In the blog headlined "'Block the Vote' co-author and Rolling Stone contributor Greg Palast on Colorado's troubled voting system," BBC journalist Greg Palast -- who teamed with Robert F. Kennedy Jr. to pen "Block the Vote," a piece in the October 30 issue of Rolling Stone -- goes off on “Voter Fraud Probed in State,” a March 2005 report by Susan Greene and Karen Crummy. "The Denver Post did a piece-of-shit voter-fraud article, saying that there’s all kinds of voter fraud, a huge number of voter-fraud investigations and cases being opened up – all kinds of cases," Palast said. "But the Post never responded to my question, 'How many convictions were there? How many fradulent voters were convicted?' And you know why? Because out of the millions of ballots cast, there are almost none." Later, he added, "I don’t do like the Denver Post does. I don’t run biased, fictitious, bullshit press releases as if they’re news."
In subsequent conversations with Westword, both Greene and Crummy say they never received messages from Palast -- and Greene, now a metro columnist, took umbrage at Palast's implication that she'd unquestioningly printed Republican propaganda. "That story followed months of reporting about problems in Donetta Davidson's office," she says, referencing Colorado's then-Secretary of State -- a major focus of Palast's reporting (and his conversation with Westword for our October 30 Off Limits column). "So to insinuate that we were doing nothing more than spitting back press releases is absurd."
For her part, Crummy e-mailed a more detailed response. Read it by clicking "More" -- and access related blogs about the reaction of the Secretary of State's office and Kennedy's Colorado-centric appearance on MSNBC's Rachel Maddow Show. -- Michael Roberts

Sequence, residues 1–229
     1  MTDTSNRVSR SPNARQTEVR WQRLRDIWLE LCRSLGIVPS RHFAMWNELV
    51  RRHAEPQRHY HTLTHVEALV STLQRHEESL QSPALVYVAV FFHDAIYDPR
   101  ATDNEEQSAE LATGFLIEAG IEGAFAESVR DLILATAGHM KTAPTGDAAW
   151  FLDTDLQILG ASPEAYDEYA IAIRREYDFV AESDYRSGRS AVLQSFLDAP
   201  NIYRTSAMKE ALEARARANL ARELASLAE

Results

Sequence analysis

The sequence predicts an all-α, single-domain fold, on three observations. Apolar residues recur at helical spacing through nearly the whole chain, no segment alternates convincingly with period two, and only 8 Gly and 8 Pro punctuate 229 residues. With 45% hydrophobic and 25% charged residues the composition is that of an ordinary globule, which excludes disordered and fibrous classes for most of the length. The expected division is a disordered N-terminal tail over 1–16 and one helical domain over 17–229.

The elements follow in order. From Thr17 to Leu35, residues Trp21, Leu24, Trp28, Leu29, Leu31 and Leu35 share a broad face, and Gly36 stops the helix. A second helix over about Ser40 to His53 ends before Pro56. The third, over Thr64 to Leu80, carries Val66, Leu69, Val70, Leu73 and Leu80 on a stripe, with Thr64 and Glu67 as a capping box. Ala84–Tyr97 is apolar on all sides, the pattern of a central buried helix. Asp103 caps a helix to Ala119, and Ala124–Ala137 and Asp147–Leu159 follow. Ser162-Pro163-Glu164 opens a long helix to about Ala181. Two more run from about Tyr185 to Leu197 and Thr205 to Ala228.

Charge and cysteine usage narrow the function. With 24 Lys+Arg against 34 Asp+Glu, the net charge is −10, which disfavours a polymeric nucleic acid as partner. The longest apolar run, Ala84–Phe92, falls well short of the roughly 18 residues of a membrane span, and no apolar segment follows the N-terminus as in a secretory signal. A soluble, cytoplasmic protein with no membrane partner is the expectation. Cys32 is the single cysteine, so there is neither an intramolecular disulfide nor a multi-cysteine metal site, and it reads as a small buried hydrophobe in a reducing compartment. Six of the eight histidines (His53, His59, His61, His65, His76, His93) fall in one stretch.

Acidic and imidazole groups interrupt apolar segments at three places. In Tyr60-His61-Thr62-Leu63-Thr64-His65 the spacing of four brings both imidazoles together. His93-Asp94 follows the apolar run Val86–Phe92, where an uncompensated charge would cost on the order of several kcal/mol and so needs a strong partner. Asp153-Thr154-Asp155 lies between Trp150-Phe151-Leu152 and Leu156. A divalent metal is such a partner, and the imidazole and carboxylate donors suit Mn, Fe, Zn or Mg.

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SHOW ME HOW
E-mail from Karen Crummy, October 28, 2008:
Thanks for the opportunity to respond to complaints you said Greg Palast made about a 2005 story I co-authored. He has never contacted me, but based on what you told me, I gather that he believes the story should not have been written or published.
Looking back, it would have been irresponsible for us to ignore the fact that the Secretary of State's office was investigating a number of complaints about voter fraud. The story makes clear that prosecutions were unlikely and that divining the intent of any of those voters would be difficult. But the investigations were very real and underway. We simply chronicled them, as journalists do.
Based on the piece Palast and Kennedy recently published in Rolling Stone, I can presume they believe there is no such thing as voter fraud, or that it is exceptionally rare. It is certainly their right to hold that position and publish articles based on it. But what they do is advocacy -- not journalism -- and the two should not be confused.